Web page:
Abhimanyu GhoshalManaging Editor
Abhimanyu is TNW's Managing Editor, and is all about personal devices, Asia's tech ecosystem, as well as the intersection of technology and Abhimanyu is TNW's Managing Editor, and is all about personal devices, Asia's tech ecosystem, as well as the intersection of technology and culture. Hit him up on Twitter, or write in: [email protected].
I’ve written before about my crippling screen addiction: it’s got to the point where reaching for my phone has become something of a reflex motion whenever I’m fidgety, anxious or even rudely awoken in the middle of the night.
Vienna, Austria-based product designer Klemens Schillinger has a wacky idea that might help curb my constant need to fiddle with my phone. His Substitute Phone features no silicon circuit boards, no Gorilla Glass protecting an LCD display, and no electronics whatsoever.
Instead, it’s a piece of plastic that’s fashioned into the shape of a smartphone (mimicking even the weight of a mobile device, thanks to the use of a heavy kind of plastic called acetal), with a series of marble-like Howlith stone beads inset in it.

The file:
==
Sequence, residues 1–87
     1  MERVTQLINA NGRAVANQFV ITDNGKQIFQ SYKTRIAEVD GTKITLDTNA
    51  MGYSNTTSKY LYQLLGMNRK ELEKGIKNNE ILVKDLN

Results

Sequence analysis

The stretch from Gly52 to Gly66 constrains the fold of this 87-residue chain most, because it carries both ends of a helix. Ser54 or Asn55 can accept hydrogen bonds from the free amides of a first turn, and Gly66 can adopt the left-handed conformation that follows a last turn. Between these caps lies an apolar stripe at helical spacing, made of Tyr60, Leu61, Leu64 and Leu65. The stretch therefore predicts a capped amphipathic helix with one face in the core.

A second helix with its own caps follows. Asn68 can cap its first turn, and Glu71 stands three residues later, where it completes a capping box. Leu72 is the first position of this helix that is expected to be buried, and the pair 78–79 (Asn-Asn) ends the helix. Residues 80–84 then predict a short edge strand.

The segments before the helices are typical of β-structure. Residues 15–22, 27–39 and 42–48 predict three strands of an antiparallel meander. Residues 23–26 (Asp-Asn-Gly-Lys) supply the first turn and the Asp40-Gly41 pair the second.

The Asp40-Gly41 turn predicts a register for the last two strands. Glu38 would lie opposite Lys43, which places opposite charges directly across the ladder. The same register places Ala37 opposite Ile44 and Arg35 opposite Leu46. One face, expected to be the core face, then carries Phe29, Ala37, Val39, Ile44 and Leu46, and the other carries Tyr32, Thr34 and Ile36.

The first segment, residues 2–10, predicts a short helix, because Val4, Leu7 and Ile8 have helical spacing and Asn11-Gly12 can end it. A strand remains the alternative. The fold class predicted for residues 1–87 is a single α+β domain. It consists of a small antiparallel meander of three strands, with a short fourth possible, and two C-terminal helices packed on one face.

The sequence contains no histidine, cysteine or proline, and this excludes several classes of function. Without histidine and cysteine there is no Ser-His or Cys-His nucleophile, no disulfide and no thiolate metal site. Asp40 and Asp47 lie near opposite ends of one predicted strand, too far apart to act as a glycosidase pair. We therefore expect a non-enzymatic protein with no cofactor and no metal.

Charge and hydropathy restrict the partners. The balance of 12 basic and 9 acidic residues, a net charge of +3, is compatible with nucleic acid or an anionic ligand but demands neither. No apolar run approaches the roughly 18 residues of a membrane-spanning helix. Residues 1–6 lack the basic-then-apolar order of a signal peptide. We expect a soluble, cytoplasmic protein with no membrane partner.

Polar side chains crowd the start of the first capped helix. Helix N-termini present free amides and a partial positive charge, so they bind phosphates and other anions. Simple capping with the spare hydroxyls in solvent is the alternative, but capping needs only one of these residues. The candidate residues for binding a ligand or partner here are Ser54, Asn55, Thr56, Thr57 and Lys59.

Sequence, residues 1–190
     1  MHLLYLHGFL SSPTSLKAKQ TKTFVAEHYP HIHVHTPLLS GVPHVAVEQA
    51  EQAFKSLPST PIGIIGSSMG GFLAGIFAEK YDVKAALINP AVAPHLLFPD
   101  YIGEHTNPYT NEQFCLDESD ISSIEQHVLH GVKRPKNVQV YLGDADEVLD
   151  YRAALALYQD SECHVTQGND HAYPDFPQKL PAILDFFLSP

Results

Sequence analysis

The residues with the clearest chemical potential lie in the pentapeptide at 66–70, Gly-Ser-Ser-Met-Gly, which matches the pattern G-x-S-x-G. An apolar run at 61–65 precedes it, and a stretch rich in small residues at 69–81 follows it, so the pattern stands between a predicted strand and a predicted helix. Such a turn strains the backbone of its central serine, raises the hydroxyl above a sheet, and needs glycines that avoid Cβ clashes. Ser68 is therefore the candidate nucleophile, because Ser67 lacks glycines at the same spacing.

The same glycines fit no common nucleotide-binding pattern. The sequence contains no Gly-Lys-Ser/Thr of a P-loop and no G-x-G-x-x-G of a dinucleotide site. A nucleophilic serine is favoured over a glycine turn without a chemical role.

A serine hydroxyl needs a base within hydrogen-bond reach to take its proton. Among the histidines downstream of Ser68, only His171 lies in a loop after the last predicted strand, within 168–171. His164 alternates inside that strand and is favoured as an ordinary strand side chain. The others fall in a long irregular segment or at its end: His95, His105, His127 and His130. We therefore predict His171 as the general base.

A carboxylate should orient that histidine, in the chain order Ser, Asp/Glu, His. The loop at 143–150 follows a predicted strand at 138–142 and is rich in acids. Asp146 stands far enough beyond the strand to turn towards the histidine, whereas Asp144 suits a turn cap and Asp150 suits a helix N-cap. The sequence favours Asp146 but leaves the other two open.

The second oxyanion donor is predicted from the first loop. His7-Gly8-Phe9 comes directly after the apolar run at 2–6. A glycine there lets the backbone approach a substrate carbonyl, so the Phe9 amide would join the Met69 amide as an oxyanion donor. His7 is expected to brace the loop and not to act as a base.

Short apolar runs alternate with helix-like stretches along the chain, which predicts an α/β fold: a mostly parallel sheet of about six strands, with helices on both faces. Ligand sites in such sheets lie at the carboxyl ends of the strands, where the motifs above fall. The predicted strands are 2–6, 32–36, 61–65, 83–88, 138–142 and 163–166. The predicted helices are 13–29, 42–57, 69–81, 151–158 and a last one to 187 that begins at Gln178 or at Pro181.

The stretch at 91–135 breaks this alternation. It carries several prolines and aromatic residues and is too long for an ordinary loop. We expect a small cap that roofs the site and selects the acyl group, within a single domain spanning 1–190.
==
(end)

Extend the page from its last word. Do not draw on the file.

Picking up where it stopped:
The idea is to allow you to perform finger movements on the beads, similar to those you use for various functions on your phone – swiping vertically and horizontally, and pinching to zoom in or out, for example. That should keep you from missing out on the physical sensation of toying with your phone, while weaning you off of the habit of checking your device for notifications and new items in your feeds.
Given my situation, I’ll try anything at this point. Schillinger has designed five such ‘phones’, and the project was showcased at Vienna Design Week’s #Offline – Design for the (Good Old) Real World exhibit earlier this year. He will hopefully make them available on his site soon.
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